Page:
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Saturday, March 19, 2011

Monk - music and inimitable minimalism

Probably well behind everybody else, I’ve been reading the Thelonious Monk Biography by Robin Kelley And in what amounts to a private Monk festival, I’ve also been listening to the Complete Riverside Monk box set which I picked up in Paris recently.

I’ve been listening to Monk’s music for over thirty years now – I remember my father bringing home a double LP Riverside compilation when I was about 13 or so (pictured above – liner notes by Hall Overton!), and being really struck by the unique sound world of this music, which was unlike anything I’d heard in even my father’s extensive collection of jazz records. I didn’t understand it, but then again, not being a musician until I bought my first instrument at 18, I didn’t really understand anything............

Fast-forward several years and I not only played a lot of Monk’s music in various bands (as any jazz musician does in the course of playing this music), I also put together two different trios – one saxophone, one piano – devoted solely to his music, and also wrote the arrangements for a quartet tour where the entire repertoire was Monk’s. So his music has been part of my musical and everyday life for the majority of my time on the planet.

So, given all that, it’s taken me a while to get to Kelley’s book – I think I tried to order it when it came out first but it hadn’t been printed on this side of the water and then it became one of those ‘to do’ things. But it was worth the wait – I’m not finished it yet (as I write this), and I’ll be sad when I am, because it’s been a great read. As has been remarked previously by others, the amount of research Kelley did was phenomenal – the guy seems to have found out what Monk was doing on a week by week basis for about thirty years! And he not only undertakes amazing research, he also casts some light on on Monk’s (in)famous ‘eccentricity’, by showing that Monk was clearly bipolar and far from his eccentricity being something amusing, his condition caused tremendous difficulties both for him and for his family. The fact that his illness went undiagnosed for so long was caused both by a less developed understanding of the condition in those days, and the fact that the mental state of a black man was a very low priority for 1950s and 60s America.

The person that emerges in this book is a very admirable man – a genuine family man, generous to his friends and with his time to other musicians if they showed a genuine interest in what he was doing. He was also very musically demanding on his sidemen and colleagues, hurt and offended by the lack of recognition he often got, and by the reputation he had for being ‘crazy’. I knew that Monk had a difficult time in his early career, but until I read this book I hadn’t realised just HOW difficult it was. For the first 15 years of his professional life he struggled to get work of almost any kind – his reputation for being ‘weird’ both musically and personally, (not to mention a couple of minor drug busts with the consequent loss of his cabaret card), made it incredibly difficult, for a man with a wife and two young children, to support his family and develop his music.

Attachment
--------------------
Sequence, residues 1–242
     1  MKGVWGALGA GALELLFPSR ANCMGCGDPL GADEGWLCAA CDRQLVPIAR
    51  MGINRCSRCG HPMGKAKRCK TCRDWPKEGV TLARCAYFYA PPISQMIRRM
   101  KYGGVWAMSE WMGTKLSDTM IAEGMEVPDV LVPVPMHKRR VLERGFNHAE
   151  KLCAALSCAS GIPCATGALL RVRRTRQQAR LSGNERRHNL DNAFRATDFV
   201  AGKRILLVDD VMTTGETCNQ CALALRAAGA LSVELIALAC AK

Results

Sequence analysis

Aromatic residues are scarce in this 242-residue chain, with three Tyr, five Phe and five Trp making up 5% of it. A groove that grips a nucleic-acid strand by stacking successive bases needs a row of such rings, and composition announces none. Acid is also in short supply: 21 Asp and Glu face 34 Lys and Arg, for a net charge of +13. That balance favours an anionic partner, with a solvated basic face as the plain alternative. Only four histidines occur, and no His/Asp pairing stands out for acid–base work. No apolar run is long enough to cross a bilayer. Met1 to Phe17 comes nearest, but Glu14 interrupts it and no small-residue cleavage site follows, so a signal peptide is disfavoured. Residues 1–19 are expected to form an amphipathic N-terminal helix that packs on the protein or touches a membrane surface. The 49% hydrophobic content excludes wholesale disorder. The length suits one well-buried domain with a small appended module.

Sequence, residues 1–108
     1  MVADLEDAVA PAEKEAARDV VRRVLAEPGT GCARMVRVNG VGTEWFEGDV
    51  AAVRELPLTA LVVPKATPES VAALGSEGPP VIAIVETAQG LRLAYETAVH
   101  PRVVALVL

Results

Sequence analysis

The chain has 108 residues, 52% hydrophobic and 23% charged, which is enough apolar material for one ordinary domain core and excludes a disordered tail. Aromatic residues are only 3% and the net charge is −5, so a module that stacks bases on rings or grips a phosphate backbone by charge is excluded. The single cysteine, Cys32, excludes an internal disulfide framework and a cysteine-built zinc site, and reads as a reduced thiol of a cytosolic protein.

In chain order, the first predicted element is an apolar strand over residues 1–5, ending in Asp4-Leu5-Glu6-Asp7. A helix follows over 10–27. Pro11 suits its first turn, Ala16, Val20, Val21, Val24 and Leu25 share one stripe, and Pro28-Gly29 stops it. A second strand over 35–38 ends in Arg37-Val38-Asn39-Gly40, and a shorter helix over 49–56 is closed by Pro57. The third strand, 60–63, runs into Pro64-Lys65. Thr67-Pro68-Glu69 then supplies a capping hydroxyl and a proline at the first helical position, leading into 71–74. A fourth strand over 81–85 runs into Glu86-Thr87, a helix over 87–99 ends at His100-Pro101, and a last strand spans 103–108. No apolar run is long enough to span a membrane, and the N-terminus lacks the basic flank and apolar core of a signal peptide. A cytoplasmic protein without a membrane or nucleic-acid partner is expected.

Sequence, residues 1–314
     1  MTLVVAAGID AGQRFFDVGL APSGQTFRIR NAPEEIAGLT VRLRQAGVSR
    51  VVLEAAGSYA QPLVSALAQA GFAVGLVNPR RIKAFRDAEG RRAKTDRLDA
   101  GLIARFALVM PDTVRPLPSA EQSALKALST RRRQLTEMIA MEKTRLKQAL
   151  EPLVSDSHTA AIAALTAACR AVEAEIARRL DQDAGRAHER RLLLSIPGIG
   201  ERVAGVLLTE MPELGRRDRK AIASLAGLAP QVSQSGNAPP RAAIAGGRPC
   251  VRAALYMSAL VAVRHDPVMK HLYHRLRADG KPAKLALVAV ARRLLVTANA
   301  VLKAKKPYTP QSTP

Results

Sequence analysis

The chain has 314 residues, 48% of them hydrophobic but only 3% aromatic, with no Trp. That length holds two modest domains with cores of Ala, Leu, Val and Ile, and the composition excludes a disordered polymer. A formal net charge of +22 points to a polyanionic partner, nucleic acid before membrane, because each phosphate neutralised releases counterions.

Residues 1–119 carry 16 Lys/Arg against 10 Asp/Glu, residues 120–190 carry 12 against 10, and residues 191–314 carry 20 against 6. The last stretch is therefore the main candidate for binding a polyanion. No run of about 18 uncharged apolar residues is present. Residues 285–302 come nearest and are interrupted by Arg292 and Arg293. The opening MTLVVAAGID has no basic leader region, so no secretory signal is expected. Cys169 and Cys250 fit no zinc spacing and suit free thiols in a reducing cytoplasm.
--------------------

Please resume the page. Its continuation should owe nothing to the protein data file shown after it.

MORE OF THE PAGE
Despite the appalling general lack of recognition he received around that time, there were several people who really swam against the tide and supported him professionally and who come out with great credit for it – Alfred Lion and Francis Wolff of Blue Note Records, Max and Lorraine Gordon (the latter going as far as carrying boxes of Monk’s records to record stores in an effort to get them to sell them), and George Wein. And his manager Harry Colomby emerges with a lot of credit for the work he put in trying to get work for someone who must have been both difficult to sell, and a very difficult client at times. In fact he was Colomby’s ONLY client for years – Colomby remained a schoolteacher throughout his association with Monk, and his role as a friend, manager, and agent for one of the world’s greatest composers and jazz musicians is a truly extraordinary story in itself.